What is Tempered Glass? Properties and Applications

Nick Natsoulis
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    What is Tempered Glass?

    Tempered glass is a type of glass that is processed with thermal or chemical treatments, which increase its strength. The process of tempering leaves the outer surface of glass in a state of compression, and the interior in a state of tension. Due to these mechanical stresses, the tempered glass breaks into granular pieces instead of shards with sharp edges, reducing the chance of injury. Tempered glass is also known as toughened glass or safety glass.

    Due to its safety and strength, tempered glass is used in many industries and applications, including construction projects. Some uses for tempered glass include vehicle windows, shower doors, refrigerator trays, architectural components, cell phone screens, and cookware.

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    Tempered Glass Properties

    Tempered glass is both physically and thermally stronger than conventional glass. As previously mentioned, tempered glass is treated to create exterior and interior stress in the material. The compressive surface stress of tempered glass is balanced by the tensile stress in the body.

    For glass to be classified as tempered, its surface must have a minimum compressive stress of 69 megapascals (10,000 psi). Then, for a tempered glass to be considered a safety glass, its surface compressive stress must exceed 100 megapascals (15,000psi). If tempered glass breaks, the increased surface stress will result in small circular pieces instead of sharp shards. This property makes tempered glass suitable for high-pressure and explosion-proof applications.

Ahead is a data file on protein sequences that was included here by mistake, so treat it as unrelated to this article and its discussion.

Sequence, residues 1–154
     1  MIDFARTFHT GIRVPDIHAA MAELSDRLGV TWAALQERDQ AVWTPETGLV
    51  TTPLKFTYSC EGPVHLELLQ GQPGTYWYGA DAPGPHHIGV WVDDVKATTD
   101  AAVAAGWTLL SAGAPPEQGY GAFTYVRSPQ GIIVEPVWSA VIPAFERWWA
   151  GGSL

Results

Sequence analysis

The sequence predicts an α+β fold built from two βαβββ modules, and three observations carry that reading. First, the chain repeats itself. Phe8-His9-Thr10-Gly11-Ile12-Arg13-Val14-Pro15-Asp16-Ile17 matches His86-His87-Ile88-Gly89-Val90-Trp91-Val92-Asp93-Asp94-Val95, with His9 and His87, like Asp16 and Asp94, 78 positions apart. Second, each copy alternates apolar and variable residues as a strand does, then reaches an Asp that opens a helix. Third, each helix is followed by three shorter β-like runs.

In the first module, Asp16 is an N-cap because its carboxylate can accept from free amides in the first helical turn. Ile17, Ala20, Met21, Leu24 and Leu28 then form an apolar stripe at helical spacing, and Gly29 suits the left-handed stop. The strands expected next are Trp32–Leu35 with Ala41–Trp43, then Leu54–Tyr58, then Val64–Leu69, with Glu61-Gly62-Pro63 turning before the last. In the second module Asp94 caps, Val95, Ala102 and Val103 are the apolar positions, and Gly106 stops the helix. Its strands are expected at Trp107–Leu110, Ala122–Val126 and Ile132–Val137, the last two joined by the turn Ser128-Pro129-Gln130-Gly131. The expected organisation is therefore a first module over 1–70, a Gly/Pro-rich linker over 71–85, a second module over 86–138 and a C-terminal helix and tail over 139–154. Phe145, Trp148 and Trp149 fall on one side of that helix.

broken tempered glass

    Tempered glass gets its strength from the compressive stress on its surface. On the other hand, annealed glass has almost no internal stress, making it very fragile - it forms microscopic surface cracks that break under tension. Tempered glass does not have these surface cracks, and this prevents propagation or expansion when breaking.

    The main properties of tempered glass are summarized below:

    • Versatility: Tempered glass can be shaped into different forms and styles to meet various applications.
    • Impact resistance: The impact resistance of tempered glass is very high compared with float glass. This helps withstand extreme conditions and temperatures.
    • Strength: Tempered glass can be 3 to 7 times stronger than annealed glass, making it suitable for more demanding applications with high environmental loads.
    • Optical distortion: Tempered glass is not as clear as float glass, since the tempering process causes some optical distortions.
    • Fabrication: Any cutting or grinding must be done before tempering since these processes will cause fracture once the glass is tempered.

    Applications of Tempered Glass

    Tempered glass is used in applications that require thermal resistance, strength, and safety. Passenger vehicles are a great example with the three conditions: